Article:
First is the provision that allows a foreign investor to take a government to binding arbitration if it believes there has been an expropriation of its investment. Multinational firms in the U.S. and around the globe have pushed for this provisions in almost all trade agreements because many countries, including some participating in the TPP, do not have a robust domestic legal system that would allow redress in the event of an expropriation. However, these provisions, known as “Investor-State Dispute Settlement,” have been too loose, and some companies have used them to subvert the ability of governments to take reasonable measures to protect health, safety, and the environment. Australia is particularly upset with a suit brought by Philip Morris to gain substantial compensation for alleged expropriation because Australia passed a law requiring cigarettes to be packaged in a plain wrapper.
Negotiators can fix the ISDS provisions to prevent future abuse by providing for an appellate body to review decisions by arbitrators and by including language to make it crystal clear that governments can take measures to protect public health and safety. While the U.S. has reportedly been resisting these changes, a number of our partners in the TPP have been pushing for them. Accepting such changes would lessen opposition to the negotiations from a number of non-government organizations in the U.S.
Secondly, rules reportedly under consideration on intellectual property protection could also jeopardize any claim for the TPP agreement to be a “gold standard.” The U.S. is reportedly pushing for protection of intellectual property for pharmaceuticals that go substantially beyond World Trade Organization rules and current practice. Protecting intellectual property through patents and trademarks is important to encourage innovation. Too long a term of protection, however, doesn’t encourage additional innovation and greatly increases consumer costs.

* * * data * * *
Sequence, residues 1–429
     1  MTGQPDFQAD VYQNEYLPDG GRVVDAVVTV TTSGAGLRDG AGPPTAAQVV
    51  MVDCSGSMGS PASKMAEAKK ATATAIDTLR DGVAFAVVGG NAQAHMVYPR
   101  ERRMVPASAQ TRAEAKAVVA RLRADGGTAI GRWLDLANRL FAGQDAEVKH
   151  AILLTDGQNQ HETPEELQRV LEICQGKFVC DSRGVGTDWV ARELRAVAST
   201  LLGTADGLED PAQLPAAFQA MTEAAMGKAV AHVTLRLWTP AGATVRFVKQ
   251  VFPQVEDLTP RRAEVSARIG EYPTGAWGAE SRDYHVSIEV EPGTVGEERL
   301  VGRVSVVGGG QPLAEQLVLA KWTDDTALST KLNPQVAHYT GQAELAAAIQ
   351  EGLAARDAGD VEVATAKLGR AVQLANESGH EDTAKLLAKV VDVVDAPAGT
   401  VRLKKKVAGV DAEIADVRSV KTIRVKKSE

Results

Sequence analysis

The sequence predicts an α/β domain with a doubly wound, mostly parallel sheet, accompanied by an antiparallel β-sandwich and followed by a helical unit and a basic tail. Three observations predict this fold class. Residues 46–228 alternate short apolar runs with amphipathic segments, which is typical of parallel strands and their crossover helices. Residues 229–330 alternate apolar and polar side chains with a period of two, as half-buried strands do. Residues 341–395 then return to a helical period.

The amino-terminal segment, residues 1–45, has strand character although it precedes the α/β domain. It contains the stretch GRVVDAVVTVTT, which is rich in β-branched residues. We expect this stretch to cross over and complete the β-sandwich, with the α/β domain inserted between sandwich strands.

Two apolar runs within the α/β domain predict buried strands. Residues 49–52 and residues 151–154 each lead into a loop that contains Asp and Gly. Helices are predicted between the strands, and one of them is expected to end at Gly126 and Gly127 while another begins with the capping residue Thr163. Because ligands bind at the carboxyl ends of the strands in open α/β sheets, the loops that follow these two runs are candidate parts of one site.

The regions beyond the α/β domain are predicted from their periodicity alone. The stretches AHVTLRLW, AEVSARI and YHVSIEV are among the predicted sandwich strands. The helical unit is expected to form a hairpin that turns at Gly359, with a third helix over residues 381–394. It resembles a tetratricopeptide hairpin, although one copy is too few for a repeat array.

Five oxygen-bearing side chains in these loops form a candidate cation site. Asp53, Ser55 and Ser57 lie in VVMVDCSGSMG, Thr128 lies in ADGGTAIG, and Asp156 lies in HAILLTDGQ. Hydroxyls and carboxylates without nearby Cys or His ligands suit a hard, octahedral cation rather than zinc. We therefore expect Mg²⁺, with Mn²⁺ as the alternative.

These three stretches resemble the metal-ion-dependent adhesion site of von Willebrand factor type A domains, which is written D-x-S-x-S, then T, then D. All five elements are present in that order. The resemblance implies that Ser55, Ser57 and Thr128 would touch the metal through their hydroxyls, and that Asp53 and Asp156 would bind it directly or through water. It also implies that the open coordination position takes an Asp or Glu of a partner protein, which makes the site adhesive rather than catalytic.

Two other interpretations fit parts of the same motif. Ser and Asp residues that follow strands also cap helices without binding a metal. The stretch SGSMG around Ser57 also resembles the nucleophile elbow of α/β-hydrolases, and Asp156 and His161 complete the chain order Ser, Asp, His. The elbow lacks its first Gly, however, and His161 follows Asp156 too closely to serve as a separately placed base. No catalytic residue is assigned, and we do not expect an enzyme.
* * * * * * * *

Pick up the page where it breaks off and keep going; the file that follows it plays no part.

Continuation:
Some House Democrats who supported the recent trade negotiation legislation are writing the President to urge him not to agree to rules that would increase the cost of medicine for our developing country TPP partners. More fundamentally, however, the President needs to ensure that the rules correctly balance the need to incentivize innovation and the development of new drugs with the cost to U.S. consumers and our health programs, including Medicare.
The third element is an omission in current trade rules. Our trade agreements and the rules in both the World Trade Organization and the International Monetary Fund do not effectively address one of the most egregious of all trade distortions: currency manipulation. Countries such as China and Japan have sometimes deliberately undervalued their currency to gain a competitive trade advantage, since an undervalued currency acts as a subsidy for exports and a tariff on imports. TPP rules should prohibit this practice.
Making the TPP a real gold standard is critical. All of the participants in the TPP hope that in the future other countries such as China and Korea will join the agreement. Accordingly, this is the time for the negotiators to get the rules right. This is the time to go for the gold.
William Krist is a senior policy scholar at the Woodrow Wilson International Center for Scholars and the author of Globalization and America’s Trade Agreements. During his career he was an Assistant U.S. Trade Representative, a legislative assistant for both a congressman and a senator, and an advocate for the high-tech industry.